Regional News

IDB: Latin America braces for labor automation

By Silvia Castro Betancourt 0 Comments NEWS, Regional News

This article was written and published in Spanish and has been translated into English. Click here to read the original article.

The governments of Latin America and the Caribbean must develop strategies with the private sector to take full advantage of technology in the workplace and at the same time mitigate the risks of its expansion, four regional development organizations warned on Thursday, April 19th, 2018.

The Inter-American Development Bank indicated that the number of robots per 100 industrial workers in Latin America is lower than in other regions, but noted that Latin American workers spend half their time on tasks that can be automated. At the same time he warned that two thirds of the current occupations in Argentina and Uruguay run the risk of being replaced by technologies that already exist.

The Fourth Industrial Revolution - a name commonly used to refer to the recent irruption of artificial intelligence and robots in productive activity - could increase inequality and informal activity and cause the disappearance of jobs. But it could also generate economic growth if it achieves greater productivity, efficiency and a reduction in operating costs.

The IDB said in a report that although the arrival of new technologies in Latin America has been slow and irregular, it has also allowed greater flexibility and mobility for many workers who need to acquire a new type of skills.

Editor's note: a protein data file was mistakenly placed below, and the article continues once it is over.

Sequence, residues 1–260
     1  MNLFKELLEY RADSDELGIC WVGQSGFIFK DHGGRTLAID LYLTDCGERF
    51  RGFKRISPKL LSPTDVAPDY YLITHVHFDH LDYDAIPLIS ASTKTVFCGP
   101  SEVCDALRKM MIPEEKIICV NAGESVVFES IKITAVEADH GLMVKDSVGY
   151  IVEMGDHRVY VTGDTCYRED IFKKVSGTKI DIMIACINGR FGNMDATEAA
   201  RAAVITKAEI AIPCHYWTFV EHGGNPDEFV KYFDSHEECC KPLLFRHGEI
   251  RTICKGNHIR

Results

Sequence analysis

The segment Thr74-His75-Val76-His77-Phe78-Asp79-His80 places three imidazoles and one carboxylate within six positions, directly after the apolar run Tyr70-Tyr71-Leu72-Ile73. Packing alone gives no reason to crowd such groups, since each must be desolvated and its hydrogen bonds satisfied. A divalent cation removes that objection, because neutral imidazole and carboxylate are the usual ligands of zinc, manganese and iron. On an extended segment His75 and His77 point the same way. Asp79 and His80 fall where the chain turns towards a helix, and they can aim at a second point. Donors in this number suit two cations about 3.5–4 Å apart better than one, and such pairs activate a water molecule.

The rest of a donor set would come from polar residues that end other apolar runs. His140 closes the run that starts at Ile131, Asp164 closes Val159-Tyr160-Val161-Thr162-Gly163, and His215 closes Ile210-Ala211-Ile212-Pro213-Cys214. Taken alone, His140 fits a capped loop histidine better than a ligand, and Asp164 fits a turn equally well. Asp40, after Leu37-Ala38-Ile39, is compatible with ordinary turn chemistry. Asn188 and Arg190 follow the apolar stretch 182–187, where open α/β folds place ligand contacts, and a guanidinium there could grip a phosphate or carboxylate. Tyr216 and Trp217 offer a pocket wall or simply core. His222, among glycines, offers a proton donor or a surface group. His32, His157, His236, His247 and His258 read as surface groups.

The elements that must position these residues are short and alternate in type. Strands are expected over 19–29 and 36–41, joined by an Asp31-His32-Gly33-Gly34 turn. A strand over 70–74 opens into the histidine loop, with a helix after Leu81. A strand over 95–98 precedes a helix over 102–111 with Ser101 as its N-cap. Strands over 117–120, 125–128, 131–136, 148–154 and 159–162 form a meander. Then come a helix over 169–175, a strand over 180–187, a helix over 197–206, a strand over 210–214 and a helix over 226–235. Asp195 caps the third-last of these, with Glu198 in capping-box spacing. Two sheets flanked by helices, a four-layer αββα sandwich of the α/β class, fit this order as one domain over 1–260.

The head of the IDB labor market division, Carmen Pagés, said that the countries of the region need to provide training in digital and cognitive skills "so that their workers can satisfactorily face the challenges presented by new technologies.”

The document suggested that employees will need to learn more quickly as more jobs are automated, so the traditional model of studying full time and then working until retirement has become obsolete. "The division between learning and receiving income is already blurred and seems to be leading to a learning model for the entire life," the report explained. For this, educational systems will need to offer short courses with an emphasis on practical activities so that adults can continue to learn continuously.

In this environment, companies will stop looking for people with titles and will hire employees with skills that should be identified as strategic during the design of public-private policies. In turn, the disintegration of the traditional wage-earning model will present a major challenge to the financing of pension systems in a region where one in five people will be over 65 years of age by 2050, the document added.

IMF Managing Director Christine Lagarde said on Thursday that the IMF is analyzing in detail how new technologies affect financial and labor stability and whether they promote prosperity. "We try to renew our thinking on these issues, open ourselves to new paradigms," Lagarde said during a press conference held during the spring meeting held by the IMF and the World Bank this week in the US capital. The report was prepared jointly by the IDB, and the development banks of Asia (ADB), Africa (AFDB) and Europe (EBRD).

This article was written and published in Spanish and has been translated into English. Click here to read the original article.

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